Zero is bad enough for any sedentary person hoping to get in shape, but someone who's a minus faces a greater challenge. Minus? Well, smokers for one.
Exercising vigorously with clogged lungs adds a puffing, extra effort. Loaded on too many pounds can land folks in the minus category, too. For them, it's tough just to reach a zero starting point.
But it can be done.
Sister Marion Irvine comes to mind as a prime example. In her late 40s, she was a two- and three-pack-a-day smoker carrying 190 pounds on a 5-foot-8-inch frame when a niece, worried about her health, talked her into an easy jogging program. Within a couple months, she quit smoking; then the weight began dropping.
After another few months, she was no longer jogging; she was running.
Some men she passed while running around Lake Merced in San Francisco one evening urged her to try competing in Masters Track (for runners older than 40).
She did, and her efforts paid off to the max. As she advanced into her early 50s, she was setting American and world records for women over 50 at various distances from 5,000 meters to the 26.2-mile marathon.
She even qualified for the open Olympic Trials by racing a marathon in 2:51.2.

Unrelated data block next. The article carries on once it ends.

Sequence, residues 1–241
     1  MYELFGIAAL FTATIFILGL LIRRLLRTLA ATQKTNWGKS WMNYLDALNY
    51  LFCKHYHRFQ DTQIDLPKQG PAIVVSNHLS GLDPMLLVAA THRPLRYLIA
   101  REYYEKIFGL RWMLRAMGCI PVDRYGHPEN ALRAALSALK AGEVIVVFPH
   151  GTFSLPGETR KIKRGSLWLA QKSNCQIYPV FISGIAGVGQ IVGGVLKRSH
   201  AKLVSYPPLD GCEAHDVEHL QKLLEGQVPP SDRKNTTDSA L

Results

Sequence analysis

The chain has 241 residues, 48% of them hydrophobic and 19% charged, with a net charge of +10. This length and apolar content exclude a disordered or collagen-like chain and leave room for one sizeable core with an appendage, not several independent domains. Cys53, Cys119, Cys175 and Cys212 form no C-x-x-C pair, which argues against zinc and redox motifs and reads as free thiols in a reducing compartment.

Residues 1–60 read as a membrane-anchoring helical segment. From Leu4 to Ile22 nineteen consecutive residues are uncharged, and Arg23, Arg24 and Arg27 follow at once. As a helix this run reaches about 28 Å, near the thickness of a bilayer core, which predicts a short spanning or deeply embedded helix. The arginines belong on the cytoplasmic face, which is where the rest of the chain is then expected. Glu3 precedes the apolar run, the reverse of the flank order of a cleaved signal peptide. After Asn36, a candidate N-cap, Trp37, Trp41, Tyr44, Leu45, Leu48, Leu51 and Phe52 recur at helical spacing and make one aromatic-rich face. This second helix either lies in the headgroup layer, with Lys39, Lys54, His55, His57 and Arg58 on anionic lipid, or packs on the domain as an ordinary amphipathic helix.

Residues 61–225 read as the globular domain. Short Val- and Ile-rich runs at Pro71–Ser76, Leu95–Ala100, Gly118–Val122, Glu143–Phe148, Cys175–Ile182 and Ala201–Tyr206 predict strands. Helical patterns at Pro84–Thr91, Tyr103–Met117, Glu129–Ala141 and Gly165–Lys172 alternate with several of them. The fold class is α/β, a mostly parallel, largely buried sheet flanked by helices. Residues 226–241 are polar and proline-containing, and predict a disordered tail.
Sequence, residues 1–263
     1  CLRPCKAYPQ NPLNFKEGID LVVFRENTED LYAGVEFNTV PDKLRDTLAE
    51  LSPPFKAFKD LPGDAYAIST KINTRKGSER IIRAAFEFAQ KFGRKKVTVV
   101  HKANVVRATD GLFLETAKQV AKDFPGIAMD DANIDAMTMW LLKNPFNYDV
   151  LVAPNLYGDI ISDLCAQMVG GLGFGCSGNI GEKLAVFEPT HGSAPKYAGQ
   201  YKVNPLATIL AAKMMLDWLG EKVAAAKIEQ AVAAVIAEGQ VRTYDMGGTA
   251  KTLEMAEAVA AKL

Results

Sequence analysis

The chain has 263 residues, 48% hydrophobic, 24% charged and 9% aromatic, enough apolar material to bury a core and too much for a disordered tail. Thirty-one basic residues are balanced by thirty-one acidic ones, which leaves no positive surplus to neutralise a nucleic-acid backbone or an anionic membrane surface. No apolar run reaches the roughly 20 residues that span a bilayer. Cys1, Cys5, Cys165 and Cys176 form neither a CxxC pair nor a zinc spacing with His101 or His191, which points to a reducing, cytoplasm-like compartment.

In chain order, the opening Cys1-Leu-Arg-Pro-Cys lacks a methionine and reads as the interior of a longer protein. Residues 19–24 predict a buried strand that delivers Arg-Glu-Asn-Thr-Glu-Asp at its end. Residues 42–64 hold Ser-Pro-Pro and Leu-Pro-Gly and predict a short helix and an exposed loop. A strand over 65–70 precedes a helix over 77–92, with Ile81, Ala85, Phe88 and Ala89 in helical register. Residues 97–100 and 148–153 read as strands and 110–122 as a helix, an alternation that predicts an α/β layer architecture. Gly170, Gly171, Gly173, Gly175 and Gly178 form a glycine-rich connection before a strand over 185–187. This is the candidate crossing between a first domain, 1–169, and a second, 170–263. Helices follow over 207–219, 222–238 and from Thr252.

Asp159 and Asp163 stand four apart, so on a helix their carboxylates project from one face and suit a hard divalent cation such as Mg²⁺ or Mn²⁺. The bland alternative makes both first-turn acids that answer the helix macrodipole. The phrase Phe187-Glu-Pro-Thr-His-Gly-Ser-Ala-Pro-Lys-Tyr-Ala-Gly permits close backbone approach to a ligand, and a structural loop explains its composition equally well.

Sister Marion represents one of the best success stories in physical fitness these ears have ever heard.
Health note: If a person is overweight big-time, a physical checkup at the doctor's office should precede donning running togs.
And while a sensible diet is helping to melt the pounds, long walks come next. Then a mix of run-walk-run-walk.
OK! Now we're running. Rule one: Leave the watch at home. Don't time yourself for at least two or three months.
Be content to build the mileage gradually until you can handle a 3-mile jaunt while still able to talk with a companion.
Hopefully you're running efficiently -- body erect, arms swinging easily in a relaxed "L" position, with feet landing slightly heel first so the whole foot grabs the ground and pushes you forward.
Some argue runners should land on the balls of the feet. This runner disagrees.
As famed coach Mihaile Igloi taught us, "You run like you walk. You don't walk on the balls of your feet! Don't run that way!"
The key, however, is landing "lightly" heel-first. Good runners tend to be silent runners. Stand curbside at a major race and listen as the front pack glides by. One hardly hears them.
Back to the minus people: This isn't meant to be a put-down. I know how easy it is to drift into bad habits. (Coffee, waffles and bakery munchies -- been there; done that). But our goal should be not only living long, but being fit enough to enjoy those added years.
Contact Joe King at firstname.lastname@example.org.